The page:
Report: Blue Jays interested in lefty reliever Jerry Blevins

The Toronto Blue Jays are reportedly interested in left-handed free agent reliever Jerry Blevins, according to Sportsnet’s Ben Nicholson-Smith.

Behind Aroldis Chapman and Brett Cecil, the long-time Blue Jays’ reliever who recently signed a deal with the St. Louis Cardinals, Blevins is one of the top left-handed relievers available in a limited market.

The 33-year-old missed nearly all of 2015 with a fractured forearm, but returned this past season with the New York Mets and posted some of the strongest numbers of his career.

Over 73 appearances (42.0 IP), Blevins posted a 2.79 ERA with a career best 11.1 strikeouts per nine innings. of course, having such a high number of appearances result in so few innings pitched demonstrates that Blevins was used as a specialist by the Mets.

Blevins faced 113 left-handed batters compared to just 65 from the right side. This small sample size actually produced a slightly lower OPS versus righties, but he still held lefties to a .636 mark. For his career, opposing left-handed hitters have a .214 batting average and .588 OPS against Blevins.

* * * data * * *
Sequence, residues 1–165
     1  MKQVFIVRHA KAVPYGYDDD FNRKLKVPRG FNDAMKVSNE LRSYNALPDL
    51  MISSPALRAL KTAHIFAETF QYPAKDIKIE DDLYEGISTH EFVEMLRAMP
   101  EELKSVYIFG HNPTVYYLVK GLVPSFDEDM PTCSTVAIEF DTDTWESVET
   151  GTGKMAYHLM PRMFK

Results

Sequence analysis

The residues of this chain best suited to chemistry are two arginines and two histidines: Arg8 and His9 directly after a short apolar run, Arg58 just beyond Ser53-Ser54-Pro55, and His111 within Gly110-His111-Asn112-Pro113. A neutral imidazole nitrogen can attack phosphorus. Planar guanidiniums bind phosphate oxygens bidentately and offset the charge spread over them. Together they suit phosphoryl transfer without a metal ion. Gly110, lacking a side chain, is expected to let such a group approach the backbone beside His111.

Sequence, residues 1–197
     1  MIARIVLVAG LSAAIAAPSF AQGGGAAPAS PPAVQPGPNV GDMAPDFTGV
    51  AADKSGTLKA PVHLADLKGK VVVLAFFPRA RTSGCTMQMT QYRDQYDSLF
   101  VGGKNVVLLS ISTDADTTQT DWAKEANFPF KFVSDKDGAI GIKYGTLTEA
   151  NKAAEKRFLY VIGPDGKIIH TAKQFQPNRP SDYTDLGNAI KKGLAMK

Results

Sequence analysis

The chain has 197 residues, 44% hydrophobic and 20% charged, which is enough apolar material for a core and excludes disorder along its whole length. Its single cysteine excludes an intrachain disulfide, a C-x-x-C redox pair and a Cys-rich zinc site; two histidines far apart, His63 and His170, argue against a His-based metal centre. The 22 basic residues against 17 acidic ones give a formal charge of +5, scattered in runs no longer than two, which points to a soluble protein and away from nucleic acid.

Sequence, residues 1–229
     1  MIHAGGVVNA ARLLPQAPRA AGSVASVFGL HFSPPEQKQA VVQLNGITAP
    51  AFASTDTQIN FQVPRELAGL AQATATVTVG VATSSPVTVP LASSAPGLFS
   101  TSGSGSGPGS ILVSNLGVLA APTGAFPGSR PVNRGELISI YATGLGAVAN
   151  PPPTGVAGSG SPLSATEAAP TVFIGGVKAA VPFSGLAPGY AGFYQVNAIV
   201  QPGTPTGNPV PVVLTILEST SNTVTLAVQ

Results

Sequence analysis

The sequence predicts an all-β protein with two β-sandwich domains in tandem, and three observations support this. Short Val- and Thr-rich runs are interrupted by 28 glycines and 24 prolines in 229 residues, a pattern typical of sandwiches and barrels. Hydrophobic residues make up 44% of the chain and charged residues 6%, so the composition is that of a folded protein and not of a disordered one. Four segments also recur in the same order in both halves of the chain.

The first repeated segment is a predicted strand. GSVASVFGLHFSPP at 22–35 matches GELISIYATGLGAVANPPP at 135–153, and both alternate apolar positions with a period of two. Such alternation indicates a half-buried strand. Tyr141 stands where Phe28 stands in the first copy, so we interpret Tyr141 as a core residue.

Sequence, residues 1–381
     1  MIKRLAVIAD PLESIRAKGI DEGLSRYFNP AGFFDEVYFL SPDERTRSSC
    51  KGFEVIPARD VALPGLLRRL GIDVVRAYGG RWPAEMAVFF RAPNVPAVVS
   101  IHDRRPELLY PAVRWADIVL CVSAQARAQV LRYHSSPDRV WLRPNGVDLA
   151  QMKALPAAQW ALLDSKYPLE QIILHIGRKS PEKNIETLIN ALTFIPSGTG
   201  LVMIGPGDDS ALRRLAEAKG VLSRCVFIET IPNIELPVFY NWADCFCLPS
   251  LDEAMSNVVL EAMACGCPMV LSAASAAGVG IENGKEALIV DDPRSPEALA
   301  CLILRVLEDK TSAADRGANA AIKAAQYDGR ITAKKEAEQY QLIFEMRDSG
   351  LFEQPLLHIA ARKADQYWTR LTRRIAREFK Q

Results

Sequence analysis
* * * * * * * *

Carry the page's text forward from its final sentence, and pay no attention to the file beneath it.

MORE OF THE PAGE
The six-foot-six veteran throws a sinking fastball that sits around 90 miles-per-hour and a strong curveball that rests in the low-70s, creating a quality variance in velocities.

Toronto is certainly in need of left-handed relief help following Cecil’s official departure, though the fourth year and full no-trade clause on his contract could also boost the market value of fellow left-handers like Blevins.

As the Blue Jays’ roster currently stands, Aaron Loup is the top available left-hander and is projected by MLBTR to earn $1.2 million in arbitration. Behind Loup, the Blue Jays also have Chad Girodo and Matt Dermody who made their major-league debuts in 2016.

Blevins earned $4 million in his final year with New York. Given the current state of the market and the fact that Blevins is coming off a strong season, he should have little problem securing a comfortable multi-year deal.

This article originally appeared on